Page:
Alfred lets you quickly add the selected search-result to a “buffer” by pressing ⌥↑, and you can then type another query to find another file, add it to the buffer, and so on.

Alfred file buffer

When you’ve found all the files you want, you can then press ⌥→ to take action on all the files in the buffer.

Alfred file actions

This barely scratches the surface of what Alfred can do. I can hardly use a Mac without it anymore.

Next, a utility I was only made aware of a short time ago, and I immediately bought a license: Shortcat. It’s basically Spotlight but for all visible controls and objects on the screen: it’s type-to-select foreverything you can see.

Essentially, you type ⌘⇧Space, type a query, and Shortcat highlights elements on screen with quick-access keys. You can then use those keys to move the pointer to the relevant object, and click it by pressing . It’s wildly, ridiculously fantastic. You should be using it.

Finally, the ultimate in keyboard control (and automation) is of course a macro utility. Automator is sort of similar, but my chosen app for this is Keyboard Maestro. If you’ve ever used QuicKeys or similar utilities, you’ll know what to expect. It’s incredibly deep and versatile, and you can extensively automate your workflow with it.

I’d recommend each of these utilities to you without hesitation.

Keep your hands where they belong

Controlling your Mac via the keyboard isn’t just faster and more satisfying, it can also remove a lot of pain from your life. Physical pain from contorting your wrists to use trackpads and mice, and tension headaches from nudging a pointer towards tiny targets all day long.

It takes time to learn what’s possible, and to re-train yourself to use the keyboard instead of reaching for the mouse, but the payoff in speed and efficiency is more than worth it.

Keep your eyes on the screen and your fingers on the keys, and you’ll be done in no time.

Introducing ASP.NET vNext

The next version of ASP.NET (“ASP.NET vNext”) has been re-designed from the ground up. The goal is to create a lean and composable .NET stack for building modern cloud-based apps.

ASP .Net vNext

Below are Key Statements from Blog ^-^

ASP.NET vNext will let you deploy your own version of the .NET Framework on an app-by-app-basis. One app with new libraries can’t break an app next door with a different version. Different apps can even have their own cloud-optimized CLR of their own version. The CLR and cloud-optimized libraries are NuGet packages!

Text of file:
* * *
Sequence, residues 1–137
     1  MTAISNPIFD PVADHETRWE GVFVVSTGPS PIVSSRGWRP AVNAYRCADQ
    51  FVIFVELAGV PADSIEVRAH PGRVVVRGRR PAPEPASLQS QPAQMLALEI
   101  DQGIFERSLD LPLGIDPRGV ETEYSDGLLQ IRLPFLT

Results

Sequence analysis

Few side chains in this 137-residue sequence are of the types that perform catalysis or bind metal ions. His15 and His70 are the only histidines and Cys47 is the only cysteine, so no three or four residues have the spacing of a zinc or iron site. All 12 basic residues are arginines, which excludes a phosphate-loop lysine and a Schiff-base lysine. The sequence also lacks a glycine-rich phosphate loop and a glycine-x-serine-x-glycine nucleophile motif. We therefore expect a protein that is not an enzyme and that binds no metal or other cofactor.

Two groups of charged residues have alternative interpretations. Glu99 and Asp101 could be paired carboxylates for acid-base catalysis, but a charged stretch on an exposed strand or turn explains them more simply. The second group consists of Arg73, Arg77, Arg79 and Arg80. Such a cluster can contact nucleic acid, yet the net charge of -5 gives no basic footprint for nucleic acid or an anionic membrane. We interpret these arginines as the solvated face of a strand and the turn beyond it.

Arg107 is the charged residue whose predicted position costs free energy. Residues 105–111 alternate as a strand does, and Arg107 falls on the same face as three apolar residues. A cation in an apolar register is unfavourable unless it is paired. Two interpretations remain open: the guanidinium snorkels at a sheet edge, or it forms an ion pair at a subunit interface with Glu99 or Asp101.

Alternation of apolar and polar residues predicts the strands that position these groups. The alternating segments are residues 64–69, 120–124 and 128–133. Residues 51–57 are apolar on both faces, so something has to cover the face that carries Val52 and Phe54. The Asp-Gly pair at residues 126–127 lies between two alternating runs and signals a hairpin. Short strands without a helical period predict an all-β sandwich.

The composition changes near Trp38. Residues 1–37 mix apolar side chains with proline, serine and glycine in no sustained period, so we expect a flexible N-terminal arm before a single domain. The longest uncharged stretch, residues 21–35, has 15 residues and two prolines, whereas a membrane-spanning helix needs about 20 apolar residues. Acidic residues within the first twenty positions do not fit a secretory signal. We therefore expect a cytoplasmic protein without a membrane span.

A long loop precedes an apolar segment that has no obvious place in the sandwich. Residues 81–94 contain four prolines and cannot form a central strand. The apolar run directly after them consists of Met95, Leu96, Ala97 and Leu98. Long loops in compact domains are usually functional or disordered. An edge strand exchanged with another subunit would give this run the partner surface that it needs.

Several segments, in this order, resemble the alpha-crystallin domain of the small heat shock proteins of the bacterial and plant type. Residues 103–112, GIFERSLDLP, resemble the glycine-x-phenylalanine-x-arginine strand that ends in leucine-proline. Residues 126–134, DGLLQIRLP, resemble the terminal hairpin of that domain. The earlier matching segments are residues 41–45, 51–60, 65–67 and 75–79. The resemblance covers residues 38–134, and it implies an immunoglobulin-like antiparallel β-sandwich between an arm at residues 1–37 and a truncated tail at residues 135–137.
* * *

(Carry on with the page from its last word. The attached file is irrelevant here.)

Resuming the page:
vNext is open source and cross platform.

NuGet packages and class libraries are treated the same. You get full intellisense in the project.json file and NuGet packages come down automatically and transparently. Even better, let’s say NuGet package Foo.Bar has a bug but you’ve only got the NuGet package. You can make a folder called Foo.Bar in our local project and put the source via “git clone” in that folder. This is great for open source projects. That local version overrides the NuGet, allowing you to easily patch bugs locally in libraries while you wait for a new release. When a new fixed NuGet-distributed version shows up, update the version and delete the local source.

One of the great aspects of environments like node or rails is that they are “no compile.” Just change some code and hit refresh. With the next version of ASP.NET you get the power and throughput of the .NET runtime plus the “Roslyn” compiler-as-a-service for a “no-compile compile.” That means means during development time you can just change your C# classes and hit Refresh in the browser. It’s the power of .NET with the dynamism of a refresh-and-go development experience

ASP.NET vNext is modular and all about choice; your choice of framework, your choice of runtime, your choice of operating system, your choice of text editor.


  • Cloud and server-optimized.
  • ASP.NET MVC, Web API, and Web Pages will be merged into one framework, called MVC 6.
  • MVC 6 has no dependency on System.Web. The result is a leaner framework, with faster startup time and lower memory consumption.
  • No-compile developer experience.
  • Dependency injection out of the box.
  • Side by side – deploy the runtime and framework with your application.
  • NuGet everything – even the runtime itself.
  • All Open Source via the .NET Foundation and takes contributions.

Oh, and by the way

  • ASP.NET vNext (and Rosyln) runs on Mono, on both Mac and Linux today. While Mono isn’t a project from Microsoft, we’ll collaborate with the Mono team, plus Mono will be added to our test matrix. It’s our aspiration that it “just work.”